55. The results also indicated that single and married instructors were different from each other in emotional intelligence. managing emotions and communicating intelligently as well as increasing flexibility. p < . it has resulted in the emotional distance between instructors and their administrators. Besides. HUFLIT instructors were supposed to be optimal in intentionality and resilience. the development of information and communications technology gives instructors more opportunities to improve their teaching (Pham & Fry. The correlation between all three emotional dimensions and instructor performance were positive and statistically significant: emotional literacy (r = . They especially showed very high performance in professional ethics and scoring high in all remaining dimensions including professional knowledge. 2002).01).HUFLIT instructors overall performed at a high level. According to Goleman (1995).56. F-test one-way ANOVA and Post Hoc Multiple Comparisons showed a difference among instructors from different age groups in emotional literacy and intentionality. in one way or another. This high score indicates Vietnam is a large-power-distance country.01). From IBM’s research. with married instructors more emotionally intelligent than single instructors. Vietnam is a collectivist country (individualism index: 20) where people are cohesive in-groups.01). Pearson’s Correlation Coefficients statistic showed the positive relationship between emotional intelligence and HUFLIT instructor performance at . p < . professional skills and professionalism.01 level of significance (r = . 2005) and taught Vietnamese to be persistent.64. intuitive. and teamwork. and intuition. enthusiasm. That can explain why HUFLIT instructors were at a proficient level in interpersonal connections and compassion. responsible for each other. avoid direct confrontations. So. the Power Distance Index (PDI) value of Vietnam is 70 (Hofstede & Hofstede. have close ties with family and community. creativity. In addition. The policy called “Doi Moi” (1986) has resulted in many achievements in education. Additionally. t-test statistical analysis showed a difference of emotional intelligence between male and female instructors.01). That traditional obedience seems to cause instructors not to be creative. At the . high level of professional . 2005). So.55. p < . EQ competencies (r = . Moreover.05 level of significance. with males scoring slightly higher than females. Instructors from different working experience groups were found different in emotional literacy. developing emotional smart can help people develop relationships at school and social settings plus avoid wasting time and energy on negative emotions. and vulnerable in emotional expression and constructive discontent. Discussion Being emotionally smart has become a crucial factor that enables people to improve their performance at work. p < . good in their outlooks. the more time of interaction and ongoing relationships also help instructors develop themselves in all aspects of life if they know how to take advantage of their own opportunities. Together with Confucian-based culture. EQ values and beliefs (r = . Being busy with different responsibilities would help married instructors learn more skills to deal with situations at workplace and in social settings. family life is the first school for emotional learning. Confucianism helped Vietnam to be at a high level of longterm orientation (Hofstede & Hofstede. According to Kravitz and Schubert (2004). Effective teaching and learning methods as well as educational administration have been studied and applied.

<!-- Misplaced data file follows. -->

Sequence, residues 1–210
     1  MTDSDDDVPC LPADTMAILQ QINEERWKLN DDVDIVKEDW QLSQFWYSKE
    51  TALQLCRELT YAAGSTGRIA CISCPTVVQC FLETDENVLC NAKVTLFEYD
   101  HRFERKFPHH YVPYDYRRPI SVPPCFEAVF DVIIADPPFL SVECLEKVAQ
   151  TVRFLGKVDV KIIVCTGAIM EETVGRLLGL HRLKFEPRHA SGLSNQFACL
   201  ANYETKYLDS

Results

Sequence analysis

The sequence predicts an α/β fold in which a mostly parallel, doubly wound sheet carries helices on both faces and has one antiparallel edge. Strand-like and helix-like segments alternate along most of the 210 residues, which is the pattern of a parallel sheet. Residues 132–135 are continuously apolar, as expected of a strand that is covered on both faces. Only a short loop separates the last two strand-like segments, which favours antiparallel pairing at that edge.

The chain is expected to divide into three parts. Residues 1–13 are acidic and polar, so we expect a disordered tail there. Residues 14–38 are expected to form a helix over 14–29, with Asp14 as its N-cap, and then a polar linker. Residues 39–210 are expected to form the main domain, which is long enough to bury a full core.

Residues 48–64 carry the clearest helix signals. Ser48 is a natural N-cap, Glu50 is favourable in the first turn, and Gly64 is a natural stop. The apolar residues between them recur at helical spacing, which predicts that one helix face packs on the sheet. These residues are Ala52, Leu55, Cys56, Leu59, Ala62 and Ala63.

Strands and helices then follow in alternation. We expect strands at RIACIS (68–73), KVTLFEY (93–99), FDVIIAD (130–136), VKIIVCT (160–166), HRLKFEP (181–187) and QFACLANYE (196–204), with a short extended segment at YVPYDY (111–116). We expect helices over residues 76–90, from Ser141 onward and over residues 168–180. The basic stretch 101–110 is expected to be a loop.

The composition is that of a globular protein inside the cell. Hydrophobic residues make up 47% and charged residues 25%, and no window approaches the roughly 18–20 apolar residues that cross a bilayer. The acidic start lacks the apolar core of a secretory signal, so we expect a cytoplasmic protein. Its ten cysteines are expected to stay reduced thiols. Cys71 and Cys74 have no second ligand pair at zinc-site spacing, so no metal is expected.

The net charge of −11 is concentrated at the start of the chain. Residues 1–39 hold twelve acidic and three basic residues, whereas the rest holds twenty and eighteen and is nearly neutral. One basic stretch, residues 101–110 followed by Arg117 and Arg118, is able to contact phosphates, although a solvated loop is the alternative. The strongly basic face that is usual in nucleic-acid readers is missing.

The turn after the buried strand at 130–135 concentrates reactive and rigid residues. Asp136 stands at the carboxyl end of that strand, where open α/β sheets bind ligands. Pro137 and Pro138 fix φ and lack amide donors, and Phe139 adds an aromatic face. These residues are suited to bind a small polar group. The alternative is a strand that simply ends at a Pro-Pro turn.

mental and human relations skills. Some further study should be conducted to investigate the relationship between emotional intelligence and other aspects such as leadership styles. The findings of this study determined the research skills of instructors were still moderate in comparison with other dimensions of performance. the significant amount of controversy surrounding the emotional construct supports the need for further research (Stys and Brown. Instructors should motivate themselves and take the initiative such as being willing to take responsibilities above and beyond their stated tasks. They are still strongly recommended to improve their emotional intelligence. seminars. especially during the difficult times of crisis and change. For further research Emotional intelligence has been determined for years as an important factor in making people successful in life. Teaching profession is a noble career. instructors need to improve their research methodology by attending training courses as well as actively participate and share knowledge in academic workshops. Self-report is advantageous to determine the levels of instructor performance. Researching is a very important task parallel with lecturing operation that any effective instructor has to accomplish. It would be meaningful to find out if there is any relationship between emotional intelligence and intelligence quotient and compare the effects of those intelligences to instructor performance. Recommendations Getting instructors to perform at their best is very important for any university administration. 2005). Additionally. and conferences both in country and abroad. other studies have found no significant differences between genders. However. it is necessary to apply a sharing leadership in university administration. sport. and conferences in emotional intelligence. The university should provide instructors with programs and activities such as training courses. and students is very important for full investigation of performance. They are necessary to keep on-going professional development in accordance with the needs of students and society. Although some research has found women are higher in emotional intelligence than men. it is necessary to give instructors support and assistance for richer understanding of their emotional life in order to help them achieve their goals in personal and professional life. The result of very high performance that HUFLIT instructors represented in professional ethics was consistent with previous studies and with the viewpoints of many scientists. It is also meaningful to compare emotional intelligence and instructor performance of private universities and public universities. especially in the dimension of emotional literacy and the emotional intelligence facets: creativity. Therefore. and job satisfaction. an assessment by administrators. This research showed negligible difference between male and female instructors. the difference of cultures and social contexts may make inappropriate. Therefore. However. They must be a good example and model for students to learn and shape their personal characteristics (Vietnamese Educational Laws. intuition and integrated self because of the vulnerability level. seminars. musical. Since the research found the positive relationship between emotional intelligence and instructor performance. and artistic events to enhance their spiritual life. Therefore. For example. It was supposed that intelligence could lead people to act and behave more morally and ethically. More research is required in this regard. They need to be lifelong learners to keep their knowledge and skills up-to-date. the mean score is still low in the range of criteria. . Instructors have a special status in society and spiritual aspects of Vietnamese life.performance of HUFLIT instructors were a satisfactory result of changing aspects of Vietnamese society in education and from greater efforts of HUFLIT’s pedagogic community. instructors should be given more opportunities to be involved in decision-making. in some aspects. leadership qualities. 2004). constructive discontent. They also should be offered opportunities to participate in activities such as cultural. peers. Research from the power distance index allows one to conclude that employee expressed a preference for a consultative style of decision-making. Asian norms should be developed for conducting research relating to emotional intelligence in Asia. For application Although HUFLIT instructors were found proficient in overall emotional intelligence. especially for the problems or matters relating to their performance. workshops. the process of investigating emotional intelligence.